- My rating: 6 / 10
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An insider’s story about Facebook in the years leading up to its IPO. It’s surprisingly candid — it names names and exposes internal Facebook discussions that were never meant to be public.
An engaging read, but the narrator is painfully obnoxious.
What I Liked 🔗︎
- Story is well-written and engaging
- Interesting to see such a revealing view inside Facebook
- Does an excellent job of explaining technology and finance terms that are approachable to the layperson
What I Disliked 🔗︎
- I found the author pretentious and abrasive
- He boasts about getting out of a ticket after being pulled over for drunk driving.
- “I got down to the serious business… of trying to bang my product marketing manager [his Facebook colleague].”
- He seems proud of the fact that he was so dedicated to his startup that he neglected his responsibilities in raising his children.
- He spends several paragraphs explaining why his tastes are too sophisticated to know who Lady Gaga is when she shows up at his office.
- Author took part in plans to monetize user data and is irritatingly dismissive about the implications on user privacy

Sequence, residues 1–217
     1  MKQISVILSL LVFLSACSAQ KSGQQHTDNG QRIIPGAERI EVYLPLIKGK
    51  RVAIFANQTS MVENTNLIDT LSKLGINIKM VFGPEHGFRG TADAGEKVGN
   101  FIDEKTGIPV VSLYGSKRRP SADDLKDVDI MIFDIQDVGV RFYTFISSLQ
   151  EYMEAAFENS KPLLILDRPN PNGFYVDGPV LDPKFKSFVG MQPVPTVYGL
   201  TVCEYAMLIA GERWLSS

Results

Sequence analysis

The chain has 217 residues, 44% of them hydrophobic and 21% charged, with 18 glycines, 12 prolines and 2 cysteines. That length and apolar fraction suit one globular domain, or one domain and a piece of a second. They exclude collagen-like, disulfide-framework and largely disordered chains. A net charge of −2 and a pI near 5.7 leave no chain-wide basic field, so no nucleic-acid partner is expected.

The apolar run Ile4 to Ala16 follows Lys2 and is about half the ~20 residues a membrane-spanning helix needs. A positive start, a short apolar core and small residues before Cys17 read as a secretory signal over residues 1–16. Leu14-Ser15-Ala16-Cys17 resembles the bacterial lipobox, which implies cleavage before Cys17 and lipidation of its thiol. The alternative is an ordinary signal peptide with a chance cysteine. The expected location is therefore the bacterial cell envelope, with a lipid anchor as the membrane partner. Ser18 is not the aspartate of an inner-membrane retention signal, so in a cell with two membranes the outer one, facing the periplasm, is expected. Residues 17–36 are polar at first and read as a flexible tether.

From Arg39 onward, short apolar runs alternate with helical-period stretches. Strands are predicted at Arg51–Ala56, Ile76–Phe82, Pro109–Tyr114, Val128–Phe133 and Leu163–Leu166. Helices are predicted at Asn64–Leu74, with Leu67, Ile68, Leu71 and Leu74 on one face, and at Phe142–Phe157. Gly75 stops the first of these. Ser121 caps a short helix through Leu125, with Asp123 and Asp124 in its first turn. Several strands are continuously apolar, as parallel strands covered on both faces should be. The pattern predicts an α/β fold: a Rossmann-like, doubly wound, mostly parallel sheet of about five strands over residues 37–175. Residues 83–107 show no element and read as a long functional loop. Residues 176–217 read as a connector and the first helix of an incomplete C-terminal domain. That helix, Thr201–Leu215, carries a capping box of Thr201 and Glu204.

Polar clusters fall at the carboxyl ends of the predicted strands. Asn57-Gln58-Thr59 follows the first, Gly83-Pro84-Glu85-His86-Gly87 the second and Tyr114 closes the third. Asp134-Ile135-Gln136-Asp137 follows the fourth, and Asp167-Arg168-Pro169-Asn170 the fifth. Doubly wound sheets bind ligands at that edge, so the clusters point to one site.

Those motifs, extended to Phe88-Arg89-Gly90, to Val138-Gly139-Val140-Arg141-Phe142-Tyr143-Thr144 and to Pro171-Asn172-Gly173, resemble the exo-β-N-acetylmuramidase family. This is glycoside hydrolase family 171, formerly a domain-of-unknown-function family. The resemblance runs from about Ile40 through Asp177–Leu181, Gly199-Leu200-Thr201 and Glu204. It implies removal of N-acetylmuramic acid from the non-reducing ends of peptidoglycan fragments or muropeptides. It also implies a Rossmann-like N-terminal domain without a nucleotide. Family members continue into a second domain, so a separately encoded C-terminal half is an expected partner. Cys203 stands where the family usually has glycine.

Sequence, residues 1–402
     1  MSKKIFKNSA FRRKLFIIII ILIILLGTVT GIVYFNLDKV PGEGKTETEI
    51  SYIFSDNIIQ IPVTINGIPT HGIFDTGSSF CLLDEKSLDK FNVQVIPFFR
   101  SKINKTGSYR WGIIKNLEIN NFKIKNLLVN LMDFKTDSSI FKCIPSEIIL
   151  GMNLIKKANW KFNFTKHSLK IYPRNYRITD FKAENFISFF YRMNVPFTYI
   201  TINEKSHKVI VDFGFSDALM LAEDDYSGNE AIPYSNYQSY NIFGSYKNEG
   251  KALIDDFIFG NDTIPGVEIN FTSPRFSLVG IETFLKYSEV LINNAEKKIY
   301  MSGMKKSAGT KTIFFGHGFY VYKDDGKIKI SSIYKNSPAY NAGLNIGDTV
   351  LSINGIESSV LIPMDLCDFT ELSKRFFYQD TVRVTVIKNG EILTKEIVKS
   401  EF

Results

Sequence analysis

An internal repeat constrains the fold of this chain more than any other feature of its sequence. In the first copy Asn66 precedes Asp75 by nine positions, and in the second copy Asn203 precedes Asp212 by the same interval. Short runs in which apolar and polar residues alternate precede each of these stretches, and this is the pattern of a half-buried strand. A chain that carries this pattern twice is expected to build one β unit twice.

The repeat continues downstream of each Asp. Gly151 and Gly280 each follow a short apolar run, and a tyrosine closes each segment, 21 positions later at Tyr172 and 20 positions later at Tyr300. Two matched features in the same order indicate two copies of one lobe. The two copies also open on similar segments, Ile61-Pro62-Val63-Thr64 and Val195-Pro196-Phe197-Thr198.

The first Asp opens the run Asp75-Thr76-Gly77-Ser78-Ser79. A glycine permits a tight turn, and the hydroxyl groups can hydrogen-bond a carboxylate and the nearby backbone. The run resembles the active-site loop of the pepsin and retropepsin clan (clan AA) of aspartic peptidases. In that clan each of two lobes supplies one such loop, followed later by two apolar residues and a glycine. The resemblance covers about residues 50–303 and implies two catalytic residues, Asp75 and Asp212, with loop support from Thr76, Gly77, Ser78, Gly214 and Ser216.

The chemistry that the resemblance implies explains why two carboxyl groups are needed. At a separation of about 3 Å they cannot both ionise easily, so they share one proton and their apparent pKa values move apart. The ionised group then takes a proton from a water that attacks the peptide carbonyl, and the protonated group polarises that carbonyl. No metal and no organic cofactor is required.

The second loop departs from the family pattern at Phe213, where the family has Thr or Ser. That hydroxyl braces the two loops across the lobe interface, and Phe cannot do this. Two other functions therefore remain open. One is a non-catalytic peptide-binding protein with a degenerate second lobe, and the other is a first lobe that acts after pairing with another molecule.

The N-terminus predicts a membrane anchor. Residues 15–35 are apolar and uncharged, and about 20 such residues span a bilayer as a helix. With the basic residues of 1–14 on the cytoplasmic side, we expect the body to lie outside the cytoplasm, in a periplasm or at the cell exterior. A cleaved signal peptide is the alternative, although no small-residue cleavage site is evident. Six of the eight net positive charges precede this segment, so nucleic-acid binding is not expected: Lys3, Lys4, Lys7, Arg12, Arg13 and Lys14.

- Paints what feels like a disingenuous representation of Facebook as brave guardians of user data. He claims that advertisers are the ones that are the real bad guys as far as privacy is concerned.
- Lots of “hustle worship.”
- He sneeringly declines a job offer from Twitter because they encourage their employees to go home at dinnertime, whereas Facebook encouraged all-night hackathons and weekend work.
Key Takeaways 🔗︎
- You can understand credit default swaps by thinking of them in terms of car insurance
- Credit default swaps are insurance against someone failing to pay you money they owe. If you buy a bond from someone and it defaults, the seller of a credit default swap will reimburse your losses. Similar to how if your car gets damaged, the insurer will pay for you to get it back to normal state.
- The difference with credit default swaps is that anyone can buy the policy, so it would be like if your neighbor could buy an insurance policy and collect money if your car got damaged.
- Further, with credit default swaps, anyone can sell a policy, so it would be like if a person across town could sell an insurance policy for your car.
an incumbent in a market dominated by a few, with total information asymmetry, and the ability to make prices on the market rather than just take them, has little incentive to increase transparency.
- Explains why Goldman-Sachs preferred to offer credit default swaps through its own private channels rather than bringing them to public exchanges.
- Also explains why Facebook never set up its own ad exchange
- Early 2000s advertising on the Internet was primitive
- You couldn’t target which users see your ads and you had no information about whether viewing your ad led to a purchase